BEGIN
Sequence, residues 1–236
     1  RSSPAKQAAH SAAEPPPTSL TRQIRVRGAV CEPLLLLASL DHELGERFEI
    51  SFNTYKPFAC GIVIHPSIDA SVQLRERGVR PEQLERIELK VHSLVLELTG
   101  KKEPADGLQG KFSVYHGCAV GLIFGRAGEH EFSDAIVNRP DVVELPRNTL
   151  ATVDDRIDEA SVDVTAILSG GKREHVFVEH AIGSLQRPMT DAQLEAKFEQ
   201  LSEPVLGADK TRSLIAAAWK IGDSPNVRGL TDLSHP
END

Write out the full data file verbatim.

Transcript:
Sequence, residues 1–236
     1  RSSPAKQAAH SAAEPPPTSL TRQIRVRGAV CEPLLLLASL DHELGERFEI
    51  SFNTYKPFAC GIVIHPSIDA SVQLRERGVR PEQLERIELK VHSLVLELTG
   101  KKEPADGLQG KFSVYHGCAV GLIFGRAGEH EFSDAIVNRP DVVELPRNTL
   151  ATVDDRIDEA SVDVTAILSG GKREHVFVEH AIGSLQRPMT DAQLEAKFEQ
   201  LSEPVLGADK TRSLIAAAWK IGDSPNVRGL TDLSHP